Is there anything else I need to know about Ceftazidime?

Ensure that you have enough Intermate™ devices for the doses needing to be given that day.

If you do not have a Ceftazidime Intermate™ device for the next dose and are not expecting the CHQ at Home nurse to deliver more that day, contact the CHQ at Home nurse on 0438 015 145.

Check that the packaging and Intermate™ are in intact before giving the dose. Do not use the Intermate™ if it is leaking or damaged in any way.

Place used Intermate™ devices into the outer packaging and return to the visiting CHQ at Home nurse the following day. They will make sure the medication is appropriately disposed of.

Where should I keep this medicine?

Keep Ceftazidime Intermate™ in your refrigerator. Make sure that they are never frozen because they cannot be used after being frozen. If the Intermate™ devices are left out of the fridge, if the fridge turns off for any period or if the devices are frozen, contact the CHQ at Home nurse on 0438 015 145 before giving any more doses.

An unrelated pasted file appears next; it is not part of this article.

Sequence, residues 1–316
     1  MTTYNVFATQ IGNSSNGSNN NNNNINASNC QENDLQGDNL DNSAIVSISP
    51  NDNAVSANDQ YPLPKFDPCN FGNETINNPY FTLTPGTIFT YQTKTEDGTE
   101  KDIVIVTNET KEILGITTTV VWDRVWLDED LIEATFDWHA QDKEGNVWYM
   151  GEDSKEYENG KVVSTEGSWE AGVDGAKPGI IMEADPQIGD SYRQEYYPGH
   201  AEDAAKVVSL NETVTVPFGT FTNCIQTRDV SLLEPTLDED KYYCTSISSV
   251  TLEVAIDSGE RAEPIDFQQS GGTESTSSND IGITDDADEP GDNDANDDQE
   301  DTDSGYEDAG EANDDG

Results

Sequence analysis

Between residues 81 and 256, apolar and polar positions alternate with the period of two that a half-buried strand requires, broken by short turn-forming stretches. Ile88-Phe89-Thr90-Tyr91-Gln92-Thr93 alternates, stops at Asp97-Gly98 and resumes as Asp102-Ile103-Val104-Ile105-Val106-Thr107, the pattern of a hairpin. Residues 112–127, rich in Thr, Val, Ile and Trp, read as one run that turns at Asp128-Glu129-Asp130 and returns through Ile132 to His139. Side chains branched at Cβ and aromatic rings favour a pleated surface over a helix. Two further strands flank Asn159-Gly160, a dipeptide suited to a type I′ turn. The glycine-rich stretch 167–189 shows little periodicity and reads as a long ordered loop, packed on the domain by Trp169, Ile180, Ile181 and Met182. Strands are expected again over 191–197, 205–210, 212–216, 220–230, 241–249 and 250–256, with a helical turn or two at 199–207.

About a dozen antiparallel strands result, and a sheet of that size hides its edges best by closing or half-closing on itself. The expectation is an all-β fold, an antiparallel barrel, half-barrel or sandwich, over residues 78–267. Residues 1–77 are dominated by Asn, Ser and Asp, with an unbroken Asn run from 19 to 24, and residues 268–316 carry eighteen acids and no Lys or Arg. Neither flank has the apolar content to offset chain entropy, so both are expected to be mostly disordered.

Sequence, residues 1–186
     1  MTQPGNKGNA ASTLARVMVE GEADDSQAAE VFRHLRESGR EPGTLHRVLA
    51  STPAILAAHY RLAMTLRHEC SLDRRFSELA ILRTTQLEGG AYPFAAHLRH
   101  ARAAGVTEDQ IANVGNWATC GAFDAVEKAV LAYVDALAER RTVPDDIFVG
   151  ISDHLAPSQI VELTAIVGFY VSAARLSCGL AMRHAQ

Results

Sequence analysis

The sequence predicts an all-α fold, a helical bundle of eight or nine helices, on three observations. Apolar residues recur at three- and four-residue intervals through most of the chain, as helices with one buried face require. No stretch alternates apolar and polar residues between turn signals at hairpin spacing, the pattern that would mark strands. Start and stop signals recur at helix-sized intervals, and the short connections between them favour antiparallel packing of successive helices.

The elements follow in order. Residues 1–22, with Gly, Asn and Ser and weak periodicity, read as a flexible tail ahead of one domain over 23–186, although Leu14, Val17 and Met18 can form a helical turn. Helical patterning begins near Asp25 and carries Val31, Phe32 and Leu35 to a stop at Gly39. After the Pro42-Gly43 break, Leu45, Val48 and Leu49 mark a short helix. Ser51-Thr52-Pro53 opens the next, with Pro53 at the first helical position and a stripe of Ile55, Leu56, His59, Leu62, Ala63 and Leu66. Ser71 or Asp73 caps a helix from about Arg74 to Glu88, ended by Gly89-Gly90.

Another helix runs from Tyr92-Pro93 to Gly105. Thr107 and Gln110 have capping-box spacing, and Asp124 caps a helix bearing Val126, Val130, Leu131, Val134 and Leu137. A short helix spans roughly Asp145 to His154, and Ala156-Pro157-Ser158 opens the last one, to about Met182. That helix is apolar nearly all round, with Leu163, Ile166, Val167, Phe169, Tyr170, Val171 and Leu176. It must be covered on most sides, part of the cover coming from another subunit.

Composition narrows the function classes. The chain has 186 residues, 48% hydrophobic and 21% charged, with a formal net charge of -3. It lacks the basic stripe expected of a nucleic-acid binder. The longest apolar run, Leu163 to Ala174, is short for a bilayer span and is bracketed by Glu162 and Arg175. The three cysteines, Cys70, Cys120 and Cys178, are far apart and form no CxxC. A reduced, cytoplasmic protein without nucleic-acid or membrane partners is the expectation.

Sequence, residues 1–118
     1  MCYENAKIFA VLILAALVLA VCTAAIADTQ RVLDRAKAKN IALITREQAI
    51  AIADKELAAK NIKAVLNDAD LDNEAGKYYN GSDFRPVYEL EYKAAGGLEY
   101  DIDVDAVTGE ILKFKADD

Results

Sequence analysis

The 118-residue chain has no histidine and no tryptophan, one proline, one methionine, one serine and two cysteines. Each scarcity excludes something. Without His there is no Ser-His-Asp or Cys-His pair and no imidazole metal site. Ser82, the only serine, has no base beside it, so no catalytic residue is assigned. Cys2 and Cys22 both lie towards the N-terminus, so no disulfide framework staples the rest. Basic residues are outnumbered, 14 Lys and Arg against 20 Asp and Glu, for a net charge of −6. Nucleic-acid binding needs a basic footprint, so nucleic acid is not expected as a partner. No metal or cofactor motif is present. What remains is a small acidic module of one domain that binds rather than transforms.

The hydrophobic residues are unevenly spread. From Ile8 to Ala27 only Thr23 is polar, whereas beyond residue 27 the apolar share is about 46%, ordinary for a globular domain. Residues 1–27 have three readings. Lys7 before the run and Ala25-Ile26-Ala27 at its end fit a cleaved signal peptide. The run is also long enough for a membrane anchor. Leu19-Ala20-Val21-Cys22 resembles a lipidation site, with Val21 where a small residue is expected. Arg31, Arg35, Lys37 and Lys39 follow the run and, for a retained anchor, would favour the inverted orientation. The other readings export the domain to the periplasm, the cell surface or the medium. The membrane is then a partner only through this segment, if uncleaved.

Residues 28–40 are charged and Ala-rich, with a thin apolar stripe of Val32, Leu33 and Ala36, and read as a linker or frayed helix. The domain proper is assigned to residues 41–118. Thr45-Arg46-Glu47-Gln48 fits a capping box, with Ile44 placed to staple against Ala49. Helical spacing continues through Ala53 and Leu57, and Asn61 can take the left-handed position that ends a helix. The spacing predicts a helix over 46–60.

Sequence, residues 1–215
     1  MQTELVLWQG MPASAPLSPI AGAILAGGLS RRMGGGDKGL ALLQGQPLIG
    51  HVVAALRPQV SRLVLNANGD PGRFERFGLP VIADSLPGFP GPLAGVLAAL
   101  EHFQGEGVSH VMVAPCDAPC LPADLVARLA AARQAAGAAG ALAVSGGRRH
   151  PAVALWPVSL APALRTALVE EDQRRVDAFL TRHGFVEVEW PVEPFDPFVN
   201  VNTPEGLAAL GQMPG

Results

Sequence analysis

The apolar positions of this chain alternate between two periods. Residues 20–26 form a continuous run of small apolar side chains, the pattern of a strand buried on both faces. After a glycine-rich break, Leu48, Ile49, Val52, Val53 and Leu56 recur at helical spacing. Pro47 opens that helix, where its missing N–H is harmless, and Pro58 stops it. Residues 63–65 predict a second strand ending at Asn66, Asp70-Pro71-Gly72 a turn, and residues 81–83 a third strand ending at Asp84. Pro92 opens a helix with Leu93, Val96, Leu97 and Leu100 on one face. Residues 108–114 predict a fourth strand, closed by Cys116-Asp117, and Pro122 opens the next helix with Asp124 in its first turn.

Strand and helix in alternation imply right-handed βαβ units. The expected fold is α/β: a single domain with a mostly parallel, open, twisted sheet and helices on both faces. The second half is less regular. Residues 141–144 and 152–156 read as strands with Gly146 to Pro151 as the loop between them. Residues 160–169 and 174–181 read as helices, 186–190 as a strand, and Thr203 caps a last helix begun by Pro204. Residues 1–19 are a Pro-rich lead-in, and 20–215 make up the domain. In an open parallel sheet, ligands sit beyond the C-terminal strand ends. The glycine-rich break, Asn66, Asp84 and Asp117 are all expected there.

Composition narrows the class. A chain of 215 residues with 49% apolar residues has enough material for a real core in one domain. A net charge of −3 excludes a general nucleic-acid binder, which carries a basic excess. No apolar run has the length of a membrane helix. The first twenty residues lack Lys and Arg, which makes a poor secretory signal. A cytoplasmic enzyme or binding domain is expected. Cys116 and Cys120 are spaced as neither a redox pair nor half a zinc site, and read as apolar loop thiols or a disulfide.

Separate the Intermate™ devices from food in the fridge (place in a separate container/section of the fridge). Keep them in the plastic outer package that they have been supplied in.

Remove the Intermate™ from the fridge 4-6 hours before the scheduled dose is due, to allow the it to come to room temperature on connection. If the device is too cold it will take much longer for the Intermate™ device to infuse.

Make sure the Intermate™ devices in the fridge are out of reach of small children.

General advice about medicines

  • Try to give the medicine at about the same times each day to help you to remember to give it.